08 Jan Jan Bos to compete with Human Power Team
Yesterday, former speed skater Jan Bos has been officially selected by the Human Power Team Delft & Amsterdam – a student project of the TU Delft and VU Amsterdam. Every year, they build an aerodynamic bicycle (VeloX) and compete with it in the U.S. to break the world record for human powered vehicles. To achieve this, a very strong cyclist is needed; this is why the team recruited Jan Bos. In 2012, Bos also participated in the project, but without success. This year he hopes to return home with a record.
Every September, the team competes in the World Human Powered Speed Challenge (WHPSC) in the Nevada Dessert, United States. 2016 will not be an exception. “In Nevada, the driver must gain speed for 8 kilometres, on a long and perfectly straight road, after which he enters into a controlled section of 200 meters” says Hugo Lambriex, Team Manager. During this controlled section, the maximum velocity is achieved and measured. In 2013, the team reached a world speed record of 133,78 km/hr. Last September, this record was broken by a Canadian, achieving 139,4 km/hr. The challenge this year, is to reclaim the world title.
In 2012, Bos also cycled for the Human Power Team. Even though the design had been improved as compared to the previous year, the standing record wasn’t broken that year. 6 months later Bos competed again, but under his own name. He thinks he hasn’t been able to get the maximum out of the race for the past two years. After his professional career, Bos is looking for a new challenge and is committed to completely focus on the project for the coming year. “I have the greatest confidence in this year’s bike, the team and myself. Third time’s the charm.” according to Bos.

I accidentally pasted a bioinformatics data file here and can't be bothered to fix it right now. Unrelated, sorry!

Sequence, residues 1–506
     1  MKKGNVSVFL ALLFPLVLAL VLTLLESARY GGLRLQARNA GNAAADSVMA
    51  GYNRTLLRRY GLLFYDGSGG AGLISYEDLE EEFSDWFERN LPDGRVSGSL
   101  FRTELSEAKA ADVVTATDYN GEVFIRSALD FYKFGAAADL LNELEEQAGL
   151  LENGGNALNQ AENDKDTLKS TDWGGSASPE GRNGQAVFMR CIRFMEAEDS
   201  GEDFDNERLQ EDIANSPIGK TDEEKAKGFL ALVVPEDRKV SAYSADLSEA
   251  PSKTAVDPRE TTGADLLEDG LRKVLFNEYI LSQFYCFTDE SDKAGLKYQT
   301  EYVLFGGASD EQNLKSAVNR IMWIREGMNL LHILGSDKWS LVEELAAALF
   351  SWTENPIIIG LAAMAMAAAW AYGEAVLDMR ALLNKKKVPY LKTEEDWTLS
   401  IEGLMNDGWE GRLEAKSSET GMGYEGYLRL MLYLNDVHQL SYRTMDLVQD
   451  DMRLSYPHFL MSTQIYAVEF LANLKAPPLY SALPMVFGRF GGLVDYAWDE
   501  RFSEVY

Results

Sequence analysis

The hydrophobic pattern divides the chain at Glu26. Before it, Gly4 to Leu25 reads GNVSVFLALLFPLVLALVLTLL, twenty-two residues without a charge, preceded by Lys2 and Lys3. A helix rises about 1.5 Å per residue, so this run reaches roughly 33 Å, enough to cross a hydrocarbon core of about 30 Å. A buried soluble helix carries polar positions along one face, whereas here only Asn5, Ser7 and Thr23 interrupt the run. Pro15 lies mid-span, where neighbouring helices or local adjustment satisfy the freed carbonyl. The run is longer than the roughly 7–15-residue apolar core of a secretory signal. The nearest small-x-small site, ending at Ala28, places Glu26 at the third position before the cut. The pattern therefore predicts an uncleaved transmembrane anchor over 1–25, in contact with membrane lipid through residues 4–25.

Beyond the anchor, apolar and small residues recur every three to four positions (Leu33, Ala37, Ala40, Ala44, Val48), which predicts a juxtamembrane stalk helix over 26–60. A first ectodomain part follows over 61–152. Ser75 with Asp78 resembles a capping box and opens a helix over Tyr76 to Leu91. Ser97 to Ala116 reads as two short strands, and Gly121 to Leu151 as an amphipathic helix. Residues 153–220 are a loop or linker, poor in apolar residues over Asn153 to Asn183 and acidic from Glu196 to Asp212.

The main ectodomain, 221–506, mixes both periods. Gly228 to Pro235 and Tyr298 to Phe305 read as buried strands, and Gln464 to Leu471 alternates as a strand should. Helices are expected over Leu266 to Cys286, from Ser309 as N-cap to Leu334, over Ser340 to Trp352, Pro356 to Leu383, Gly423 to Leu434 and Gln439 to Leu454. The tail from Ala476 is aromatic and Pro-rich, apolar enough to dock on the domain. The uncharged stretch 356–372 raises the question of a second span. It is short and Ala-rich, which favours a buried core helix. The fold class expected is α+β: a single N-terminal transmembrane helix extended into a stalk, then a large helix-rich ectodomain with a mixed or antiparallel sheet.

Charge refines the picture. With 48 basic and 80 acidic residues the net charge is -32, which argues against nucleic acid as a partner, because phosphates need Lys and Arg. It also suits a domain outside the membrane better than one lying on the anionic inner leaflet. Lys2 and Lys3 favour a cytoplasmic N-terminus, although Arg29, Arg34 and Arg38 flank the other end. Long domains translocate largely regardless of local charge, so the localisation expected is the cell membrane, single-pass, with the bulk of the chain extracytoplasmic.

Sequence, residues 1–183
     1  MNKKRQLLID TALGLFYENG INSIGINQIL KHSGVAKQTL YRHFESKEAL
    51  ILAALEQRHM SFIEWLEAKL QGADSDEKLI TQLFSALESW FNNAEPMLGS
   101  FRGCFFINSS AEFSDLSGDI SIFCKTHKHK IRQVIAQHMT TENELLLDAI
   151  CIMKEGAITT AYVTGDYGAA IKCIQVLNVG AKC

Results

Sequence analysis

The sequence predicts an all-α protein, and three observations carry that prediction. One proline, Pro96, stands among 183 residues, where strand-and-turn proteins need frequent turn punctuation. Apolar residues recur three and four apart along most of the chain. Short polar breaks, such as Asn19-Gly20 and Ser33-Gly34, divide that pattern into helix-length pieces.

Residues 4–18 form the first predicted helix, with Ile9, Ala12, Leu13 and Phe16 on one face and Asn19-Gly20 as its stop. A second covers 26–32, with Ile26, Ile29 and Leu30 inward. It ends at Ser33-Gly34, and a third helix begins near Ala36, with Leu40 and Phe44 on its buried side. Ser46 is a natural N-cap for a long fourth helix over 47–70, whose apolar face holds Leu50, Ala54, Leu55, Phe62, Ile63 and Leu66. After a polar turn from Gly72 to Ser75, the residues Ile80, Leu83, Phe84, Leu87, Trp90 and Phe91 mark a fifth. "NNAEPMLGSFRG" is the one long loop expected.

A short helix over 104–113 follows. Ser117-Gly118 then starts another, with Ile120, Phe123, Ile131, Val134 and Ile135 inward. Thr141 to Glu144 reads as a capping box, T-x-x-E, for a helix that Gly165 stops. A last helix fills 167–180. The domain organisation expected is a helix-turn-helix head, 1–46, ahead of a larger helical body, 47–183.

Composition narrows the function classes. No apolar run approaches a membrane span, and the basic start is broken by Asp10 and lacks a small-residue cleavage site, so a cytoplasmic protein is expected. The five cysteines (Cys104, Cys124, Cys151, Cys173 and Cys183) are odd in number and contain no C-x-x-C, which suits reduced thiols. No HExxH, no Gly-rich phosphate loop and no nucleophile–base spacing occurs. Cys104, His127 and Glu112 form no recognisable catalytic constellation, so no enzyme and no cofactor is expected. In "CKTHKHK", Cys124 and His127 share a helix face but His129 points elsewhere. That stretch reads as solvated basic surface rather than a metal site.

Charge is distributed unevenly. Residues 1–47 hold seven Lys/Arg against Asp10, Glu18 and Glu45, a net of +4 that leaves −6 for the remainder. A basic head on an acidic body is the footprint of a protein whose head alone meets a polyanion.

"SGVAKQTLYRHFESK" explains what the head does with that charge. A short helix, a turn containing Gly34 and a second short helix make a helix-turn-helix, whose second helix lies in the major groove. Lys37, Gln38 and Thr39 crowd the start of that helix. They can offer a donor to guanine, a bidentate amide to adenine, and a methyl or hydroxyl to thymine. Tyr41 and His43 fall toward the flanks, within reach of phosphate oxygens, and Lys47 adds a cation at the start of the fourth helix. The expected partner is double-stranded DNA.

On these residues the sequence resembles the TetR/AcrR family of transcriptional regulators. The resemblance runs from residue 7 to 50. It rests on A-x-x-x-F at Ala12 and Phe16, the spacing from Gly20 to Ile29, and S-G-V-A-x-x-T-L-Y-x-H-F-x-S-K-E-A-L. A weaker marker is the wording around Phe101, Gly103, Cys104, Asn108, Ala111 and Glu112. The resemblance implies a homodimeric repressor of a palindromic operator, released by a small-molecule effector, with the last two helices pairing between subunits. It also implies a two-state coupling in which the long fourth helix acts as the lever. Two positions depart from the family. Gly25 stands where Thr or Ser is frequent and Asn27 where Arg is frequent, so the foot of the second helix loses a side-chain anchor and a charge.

Collaboration between universities
Every year, students build an entirely new bicycle to compete with in the race. The collaboration between two universities is a unique characteristic of this project. Students of the TU Delft are responsible for designing and building the bicycle, while motion experts of the VU Amsterdam take are of selecting, training and coaching the cyclist. “Together we work a full year on optimising man and machine” says Lambriex. The team will focus on improving the VeloX V – last year’s bike. In particular, the aim is to improve stability and control, internal aerodynamics, ergonomics and training.
For more information, please contact Team Manager of the Human Power Team, firstname.lastname@example.org, 015 2788985, 06 54290941 or Claire Hallewas, press officer TU Delft, email@example.com, 06-40953085.